"I want to work with Netanyahu," proclaimed Palestinian Authority (PA)
President Mahmoud Abbas on Monday, quoted by the Jerusalem Post. "Try me," he
said, noting his hopes that the Arab League would back his plan to resume
proximity talks on May 1. "I say on behalf of the Palestinian Liberation
Organization, that we are prepared for an agreement." He emphasized that
Israeli Prime Minister Benjamin Netanyahu was "chosen by the Israeli people and
elected by the Knesset [parliament]," and because of that it was his "duty to
work with him".
This spectacular change of tone on the part of the man who, exactly a month
ago, ruled out any form of negotiations without a settlement freeze, came on
the heels of massive pressure from the American administration and an
invitation for him to pay the White House an official visit next month. Talks,
albeit indirect in
format initially, are scheduled to restart in mid-May.
There are three main explanations of this unexpected behavior, and they all
likely contribute in varying degrees to the developments. Perhaps, in a manner
characteristic of Middle Eastern bargaining, Abbas has been bluffing all along
with his obstinacy, and now he has judged that the most propitious moment to
strike a deal has come (he also likely does not wish to appear as the main
obstacle to peace). Maybe he is feeling pressure from his Prime Minister Salam
Fayyad - a darling of the American administration who recently became the focus
of much media attention with the declaration of his intention to establish a
state next year, negotiations or not. However, if a flurry of recent reports
is to be believed, is also possible that he simply got some vague form of what
he has been asking for all along: a complete construction halt in all
territories beyond the Green Line, including in Jerusalem.
An official Israeli declaration of such a concession would be inconceivable. To
be sure, Netanyahu and his coalition allies firmly denied any possibility of a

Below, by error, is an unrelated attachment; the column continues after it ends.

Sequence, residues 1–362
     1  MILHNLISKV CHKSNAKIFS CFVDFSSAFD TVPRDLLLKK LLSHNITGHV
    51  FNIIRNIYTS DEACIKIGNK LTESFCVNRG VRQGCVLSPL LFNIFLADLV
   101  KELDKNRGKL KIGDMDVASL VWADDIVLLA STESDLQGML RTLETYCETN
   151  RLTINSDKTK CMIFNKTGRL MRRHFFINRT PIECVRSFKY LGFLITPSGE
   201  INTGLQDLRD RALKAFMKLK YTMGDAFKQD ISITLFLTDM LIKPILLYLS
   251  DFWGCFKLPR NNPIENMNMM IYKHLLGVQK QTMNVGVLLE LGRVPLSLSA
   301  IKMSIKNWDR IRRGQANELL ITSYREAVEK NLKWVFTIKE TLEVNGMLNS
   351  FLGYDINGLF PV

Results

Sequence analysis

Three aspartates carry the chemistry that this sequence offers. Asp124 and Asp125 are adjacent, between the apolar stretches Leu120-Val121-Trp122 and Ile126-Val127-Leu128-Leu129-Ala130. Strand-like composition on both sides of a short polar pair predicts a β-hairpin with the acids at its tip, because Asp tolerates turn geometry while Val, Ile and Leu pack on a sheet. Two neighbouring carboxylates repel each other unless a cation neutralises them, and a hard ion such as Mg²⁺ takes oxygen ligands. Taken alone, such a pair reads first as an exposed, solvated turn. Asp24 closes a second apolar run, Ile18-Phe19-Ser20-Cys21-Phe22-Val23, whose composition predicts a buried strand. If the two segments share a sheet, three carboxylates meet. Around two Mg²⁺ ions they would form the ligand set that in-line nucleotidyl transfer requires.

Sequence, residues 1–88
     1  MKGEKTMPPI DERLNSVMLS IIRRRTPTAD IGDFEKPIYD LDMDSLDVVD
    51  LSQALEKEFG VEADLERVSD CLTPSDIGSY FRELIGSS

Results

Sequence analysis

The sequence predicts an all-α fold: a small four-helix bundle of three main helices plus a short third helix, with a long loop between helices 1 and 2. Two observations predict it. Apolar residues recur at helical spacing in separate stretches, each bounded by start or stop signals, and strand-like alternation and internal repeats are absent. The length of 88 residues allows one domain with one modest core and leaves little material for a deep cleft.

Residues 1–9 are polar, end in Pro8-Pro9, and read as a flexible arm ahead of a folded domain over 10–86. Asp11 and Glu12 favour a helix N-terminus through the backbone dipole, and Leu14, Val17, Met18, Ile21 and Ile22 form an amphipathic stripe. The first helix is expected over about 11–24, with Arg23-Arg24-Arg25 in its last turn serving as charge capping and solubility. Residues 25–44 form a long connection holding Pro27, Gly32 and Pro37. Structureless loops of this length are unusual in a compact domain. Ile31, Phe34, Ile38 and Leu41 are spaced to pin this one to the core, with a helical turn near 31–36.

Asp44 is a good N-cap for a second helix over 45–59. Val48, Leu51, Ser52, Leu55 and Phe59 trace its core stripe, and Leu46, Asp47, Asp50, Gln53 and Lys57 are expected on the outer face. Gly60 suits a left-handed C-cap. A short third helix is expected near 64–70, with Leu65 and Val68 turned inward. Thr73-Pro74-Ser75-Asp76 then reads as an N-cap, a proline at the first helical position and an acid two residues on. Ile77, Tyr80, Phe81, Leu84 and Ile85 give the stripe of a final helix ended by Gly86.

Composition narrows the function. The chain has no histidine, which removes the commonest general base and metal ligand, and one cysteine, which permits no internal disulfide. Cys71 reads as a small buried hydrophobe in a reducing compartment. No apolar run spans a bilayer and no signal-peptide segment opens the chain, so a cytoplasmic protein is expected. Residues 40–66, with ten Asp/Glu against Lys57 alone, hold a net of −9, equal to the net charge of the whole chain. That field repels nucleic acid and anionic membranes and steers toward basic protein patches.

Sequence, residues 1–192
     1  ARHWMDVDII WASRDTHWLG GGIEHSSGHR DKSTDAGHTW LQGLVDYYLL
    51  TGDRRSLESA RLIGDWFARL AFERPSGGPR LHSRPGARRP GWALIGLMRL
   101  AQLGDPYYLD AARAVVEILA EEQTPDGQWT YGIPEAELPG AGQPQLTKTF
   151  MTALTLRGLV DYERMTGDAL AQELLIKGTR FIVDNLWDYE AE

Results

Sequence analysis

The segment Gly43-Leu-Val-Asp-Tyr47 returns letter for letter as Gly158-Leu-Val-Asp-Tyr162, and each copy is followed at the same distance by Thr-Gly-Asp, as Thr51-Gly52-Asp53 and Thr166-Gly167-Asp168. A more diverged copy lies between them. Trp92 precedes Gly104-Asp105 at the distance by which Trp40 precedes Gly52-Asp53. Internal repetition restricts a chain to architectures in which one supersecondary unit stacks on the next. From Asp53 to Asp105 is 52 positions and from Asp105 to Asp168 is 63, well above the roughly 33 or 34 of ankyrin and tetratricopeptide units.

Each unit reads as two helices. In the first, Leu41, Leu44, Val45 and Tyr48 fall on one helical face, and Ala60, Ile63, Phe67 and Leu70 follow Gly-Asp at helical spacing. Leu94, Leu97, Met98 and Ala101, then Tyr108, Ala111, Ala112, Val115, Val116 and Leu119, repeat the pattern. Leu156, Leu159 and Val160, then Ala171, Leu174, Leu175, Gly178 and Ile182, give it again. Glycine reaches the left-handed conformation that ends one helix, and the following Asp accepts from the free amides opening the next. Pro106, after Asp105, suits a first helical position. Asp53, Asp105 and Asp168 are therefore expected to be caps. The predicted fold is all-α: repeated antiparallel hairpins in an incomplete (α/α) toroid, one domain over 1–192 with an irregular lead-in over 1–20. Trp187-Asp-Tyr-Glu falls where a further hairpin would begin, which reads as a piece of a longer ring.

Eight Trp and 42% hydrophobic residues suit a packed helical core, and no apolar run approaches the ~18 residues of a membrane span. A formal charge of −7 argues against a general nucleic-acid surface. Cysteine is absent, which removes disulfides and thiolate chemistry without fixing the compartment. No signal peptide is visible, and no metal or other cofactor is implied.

construction freeze in Jerusalem. ''To stop all construction - Jewish
construction in Jewish neighborhoods in Jerusalem - is totally, totally a
non-starter,'' said Netanyahu in an interview for ABC a week ago. ''Let's get
into the room and negotiate peace without preconditions.''
However, it is possible that the Israeli government made some sort of a
short-term pledge to US President Barack Obama. "The Obama administration met
Israel halfway on its demand for a construction freeze in East Jerusalem,
accepting that Israel would quietly suspend building licenses and other permits
for just four weeks," writes Debka File.
While the time frame - four weeks - provided by the somewhat controversial
intelligence analysis web site remains difficult to confirm, evidence points to
a "gentleman's agreement" between the leaders of the two states.
"Construction requiring the approval of Jerusalem's district planning committee
has been on hold for more than a month in all parts of the city due to concerns
about a new crisis in ties with the United States," Haaretz reported two weeks
It is even likely that Netanyahu won acquiescence from his right-wing coalition
partners: a very striking development, which would indicate that any such
concession would be short-lived. "Prime Minister Benjamin Netanyahu's key
coalition partners seemed to give a tacit nod Thursday to the possibility of a
building freeze within Jerusalem itself, despite a reiteration by Netanyahu
that no such freeze would be enacted," the Jerusalem Post said last Friday.
The Israeli prime minister seems to be playing a complex game. On the one hand,
he does not wish to appear as a peace refusenik. He may even be prepared to
strike a magnificent deal, much to the surprise of everybody, perhaps even
himself. If we trust Israeli President and Nobel Peace Prize winner Shimon
Peres, it is still possible that the Israeli-Palestinian conflict will have a
On the other hand, however, he continues to be deeply skeptical of the
possibility of peace, and to prepare carefully for a strike against Iran. In